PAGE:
It was great to hear that the Oregon Athletic Program finished the highest ever in the Learfield Directors Cup standings at tenth place, yet in the middle of the announcement by UO Media we saw something that really stood out; Oregon finished first among all schools having the same number of sports available for the ninth straight year!
How does that work? The Directors Cup takes the top ten sports for each gender and adds up those points, thus Oregon having only 19 total sports is leaving a lot on the table compared to Stanford who has 33 funded sports among both sexes. The award is based upon the complete athletic program, adding the Mens and Womens top ten sports each, and that is where you begin to question the entire process.
Points are awarded equally for all sports and the winner of Rifle or Skiing gets the same 100 points that a National Champion in Football or Mens Basketball gets; there is a feeling of equality that agrees with that purist notion … but is it realistic? Don’t we as fans give much greater weight to winning in Baseball over Water Polo?
As a publisher of when this site was in the top 1% in the world for all hits in a year, I can tell you that readership/interest corresponds with attendance of the sport. For example, Football has 59,000 attending versus 12,000 max capacity in Basketball, versus 3,500 max coming to baseball at PK Park – and that is about the same level of interest we get from the fans. The purists would argue that equal point values need to be awarded for the Olympic sports, hence this whole discussion becomes very subjective.
But, wait – isn’t there a competing award for total Athletic Department excellence? Yep, it’s the Capital One Cup - and they have a different approach to scoring with different results. They break it into Mens and Womens categories, with the Ducks (as of June 3rd) in seventh place for the Men, and tied for 18th with Notre Dame and Oregon State in the Womens division. (Gawd, say it isn’t so!)
The Capital One Cup awards different points for different sports with 60 points coming to the national champion for each sport in one group, and 20 points going to the NC of another group, with each group having points awarded down the scale of how a team finished. It begins to apply an emphasis upon fan interest that I like, but why separate awards? You don’t split athletic programs into Mens and Womens … it is THE athletic program at a university. So to me, Capital One did it different – just to be different – without addressing the reality of what the award should be.
Oh, brother … so – who really has the best program?
You can safely say that the big schools (Ohio State) do well, and the schools that have permanent endowed funding (such as Stanford with their 33 sports) will always be up there.
I think both Cups are fatally flawed, as you must address the athletic program in it’s entirety without breaking out separate gender awards. You should award higher point totals for fan interest, and that means that football should be given a lion’s share of emphasis because of its importance to fans, and because it funds the majority of the entire athletic programs at most universities. Give 100 points to non-revenue sports winners, but 400 points to the Mens Basketball Champion, and 800 points to the Football Champion.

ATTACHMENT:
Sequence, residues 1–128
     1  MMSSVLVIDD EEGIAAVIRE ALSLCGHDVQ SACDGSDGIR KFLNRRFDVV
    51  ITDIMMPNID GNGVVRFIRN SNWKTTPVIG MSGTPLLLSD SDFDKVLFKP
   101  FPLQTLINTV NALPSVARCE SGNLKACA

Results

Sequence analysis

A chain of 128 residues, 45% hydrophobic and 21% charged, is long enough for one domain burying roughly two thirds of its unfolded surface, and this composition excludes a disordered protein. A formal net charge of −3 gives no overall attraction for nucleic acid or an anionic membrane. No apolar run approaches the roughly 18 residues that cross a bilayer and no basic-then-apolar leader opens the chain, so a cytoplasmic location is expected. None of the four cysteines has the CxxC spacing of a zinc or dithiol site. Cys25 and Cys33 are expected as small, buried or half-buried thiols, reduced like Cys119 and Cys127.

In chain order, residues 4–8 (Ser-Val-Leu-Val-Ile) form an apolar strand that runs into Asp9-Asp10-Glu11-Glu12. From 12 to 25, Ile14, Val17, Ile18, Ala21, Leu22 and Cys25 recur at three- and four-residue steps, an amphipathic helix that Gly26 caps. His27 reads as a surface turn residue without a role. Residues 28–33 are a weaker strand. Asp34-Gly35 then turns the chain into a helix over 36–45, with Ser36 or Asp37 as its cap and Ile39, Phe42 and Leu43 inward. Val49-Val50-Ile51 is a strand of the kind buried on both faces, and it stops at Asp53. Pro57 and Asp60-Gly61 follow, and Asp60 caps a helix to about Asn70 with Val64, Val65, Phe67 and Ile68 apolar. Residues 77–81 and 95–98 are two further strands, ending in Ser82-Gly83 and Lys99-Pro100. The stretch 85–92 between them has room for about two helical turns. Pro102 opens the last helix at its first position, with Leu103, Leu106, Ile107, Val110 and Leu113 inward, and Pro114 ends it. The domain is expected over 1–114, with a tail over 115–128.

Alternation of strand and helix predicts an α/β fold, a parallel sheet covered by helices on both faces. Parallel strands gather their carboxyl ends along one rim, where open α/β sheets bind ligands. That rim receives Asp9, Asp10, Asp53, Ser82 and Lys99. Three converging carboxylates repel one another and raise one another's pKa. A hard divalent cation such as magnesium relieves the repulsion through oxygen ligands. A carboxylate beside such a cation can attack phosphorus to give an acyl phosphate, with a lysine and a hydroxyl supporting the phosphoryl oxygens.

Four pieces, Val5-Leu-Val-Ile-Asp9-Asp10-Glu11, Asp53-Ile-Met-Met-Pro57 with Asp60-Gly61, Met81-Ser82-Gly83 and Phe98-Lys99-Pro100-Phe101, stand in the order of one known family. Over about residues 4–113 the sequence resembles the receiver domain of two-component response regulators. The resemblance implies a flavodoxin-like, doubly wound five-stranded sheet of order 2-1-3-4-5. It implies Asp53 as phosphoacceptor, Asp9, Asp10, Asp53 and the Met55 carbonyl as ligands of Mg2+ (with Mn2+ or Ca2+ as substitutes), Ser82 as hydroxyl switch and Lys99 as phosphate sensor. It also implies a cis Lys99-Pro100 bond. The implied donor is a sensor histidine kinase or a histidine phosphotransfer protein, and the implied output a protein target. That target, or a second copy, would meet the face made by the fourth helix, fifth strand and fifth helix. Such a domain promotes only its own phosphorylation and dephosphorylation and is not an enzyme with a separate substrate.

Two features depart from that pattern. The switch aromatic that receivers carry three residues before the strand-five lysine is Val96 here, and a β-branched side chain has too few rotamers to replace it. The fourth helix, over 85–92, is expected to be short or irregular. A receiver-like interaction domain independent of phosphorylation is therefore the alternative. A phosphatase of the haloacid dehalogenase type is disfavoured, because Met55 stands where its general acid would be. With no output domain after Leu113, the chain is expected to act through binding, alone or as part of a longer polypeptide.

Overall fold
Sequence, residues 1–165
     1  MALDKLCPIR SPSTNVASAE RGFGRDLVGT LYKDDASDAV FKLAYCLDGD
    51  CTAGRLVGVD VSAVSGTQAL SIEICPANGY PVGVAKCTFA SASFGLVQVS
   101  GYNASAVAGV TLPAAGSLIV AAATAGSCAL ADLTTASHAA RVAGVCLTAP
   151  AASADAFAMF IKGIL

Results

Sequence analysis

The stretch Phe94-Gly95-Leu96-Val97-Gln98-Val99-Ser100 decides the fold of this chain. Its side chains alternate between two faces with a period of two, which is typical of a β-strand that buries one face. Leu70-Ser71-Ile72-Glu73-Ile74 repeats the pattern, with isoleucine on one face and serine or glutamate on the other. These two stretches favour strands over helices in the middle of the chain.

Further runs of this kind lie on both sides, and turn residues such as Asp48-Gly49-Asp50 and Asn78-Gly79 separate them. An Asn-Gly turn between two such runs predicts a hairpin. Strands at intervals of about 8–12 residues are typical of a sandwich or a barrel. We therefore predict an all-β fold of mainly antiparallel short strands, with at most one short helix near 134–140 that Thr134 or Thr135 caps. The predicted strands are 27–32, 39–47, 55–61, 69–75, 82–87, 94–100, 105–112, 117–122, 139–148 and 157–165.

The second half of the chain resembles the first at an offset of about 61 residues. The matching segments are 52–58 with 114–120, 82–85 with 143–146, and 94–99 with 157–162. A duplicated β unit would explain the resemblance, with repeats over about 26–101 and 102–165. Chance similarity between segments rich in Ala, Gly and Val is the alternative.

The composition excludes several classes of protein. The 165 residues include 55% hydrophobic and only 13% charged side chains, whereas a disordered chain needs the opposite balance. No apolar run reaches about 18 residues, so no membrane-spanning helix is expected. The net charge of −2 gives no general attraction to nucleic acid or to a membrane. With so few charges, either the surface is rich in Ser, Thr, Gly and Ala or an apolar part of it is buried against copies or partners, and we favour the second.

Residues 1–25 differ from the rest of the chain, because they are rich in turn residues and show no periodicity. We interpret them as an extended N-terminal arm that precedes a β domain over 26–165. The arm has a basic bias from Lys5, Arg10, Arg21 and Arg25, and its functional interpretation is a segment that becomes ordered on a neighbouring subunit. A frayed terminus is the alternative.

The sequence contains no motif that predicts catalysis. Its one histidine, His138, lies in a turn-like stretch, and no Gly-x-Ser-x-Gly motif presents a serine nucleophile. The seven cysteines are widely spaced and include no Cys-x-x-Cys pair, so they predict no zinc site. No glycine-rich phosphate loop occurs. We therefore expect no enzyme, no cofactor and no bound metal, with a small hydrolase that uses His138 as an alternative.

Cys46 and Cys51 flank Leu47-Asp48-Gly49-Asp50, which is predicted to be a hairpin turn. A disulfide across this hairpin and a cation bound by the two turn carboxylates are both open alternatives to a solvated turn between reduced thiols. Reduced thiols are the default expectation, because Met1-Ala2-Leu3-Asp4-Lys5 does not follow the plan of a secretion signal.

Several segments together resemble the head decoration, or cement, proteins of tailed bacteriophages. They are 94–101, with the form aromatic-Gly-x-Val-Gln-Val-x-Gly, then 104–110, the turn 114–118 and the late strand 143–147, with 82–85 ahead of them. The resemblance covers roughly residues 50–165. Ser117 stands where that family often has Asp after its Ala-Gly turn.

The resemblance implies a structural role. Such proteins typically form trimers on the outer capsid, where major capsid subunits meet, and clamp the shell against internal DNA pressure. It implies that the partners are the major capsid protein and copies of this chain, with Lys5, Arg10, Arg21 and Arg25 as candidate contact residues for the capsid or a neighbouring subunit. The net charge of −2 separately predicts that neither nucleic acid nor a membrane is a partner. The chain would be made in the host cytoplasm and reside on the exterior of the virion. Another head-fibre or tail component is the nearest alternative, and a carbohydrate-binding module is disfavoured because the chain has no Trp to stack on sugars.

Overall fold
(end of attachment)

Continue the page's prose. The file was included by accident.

Yep … the SEC is going to love that, but to me it represents reality as to what is important to the fans being served the sports by the Athletic Departments. It also reflects the reality of funding at our major sports/education institutions. Oregon would still score highly in most years, but there would be different outcomes in the standings from year-to-year. I can imagine the outcry of giving football too much importance again versus the other sports, but again to me? It’s reality.
Sometimes, like Trump, I need a good scolding for how I’m thinking, but this FishDuck is interested in listening to alternate viewpoints and won’t lie in my responses like Hillary, and thus would truly like to read the opinions of others – about the Cups, not politics. (I had to have a little fun jabbing both sides)
How should the athletic programs be judged?
Charles Fischer (FishDuck)
College Football Analyst for FishDuck.com
Top Photo by Gary Breedlove
Charles Fischer has been an intense fan of the Ducks, a season ticket holder at Autzen Stadium for 35 years and has written reports on football boards for over 23 years. Known as “FishDuck” on those boards, he is acknowledged for providing intense detail in his scrimmage reports and in his Xs and Os play analyses. He and his wife Lois, have a daughter Christine, reside in Eugene Oregon, where he was a Financial Advisor for 36 years and now focuses full-time on Charitable Planned Giving Workshops for churches and non-profit organizations.
He does not profess to be a coach or analyst, but simply a “hack” that enjoys sharing what he has learned and invites others to correct or add to this body of Oregon Football! See More…
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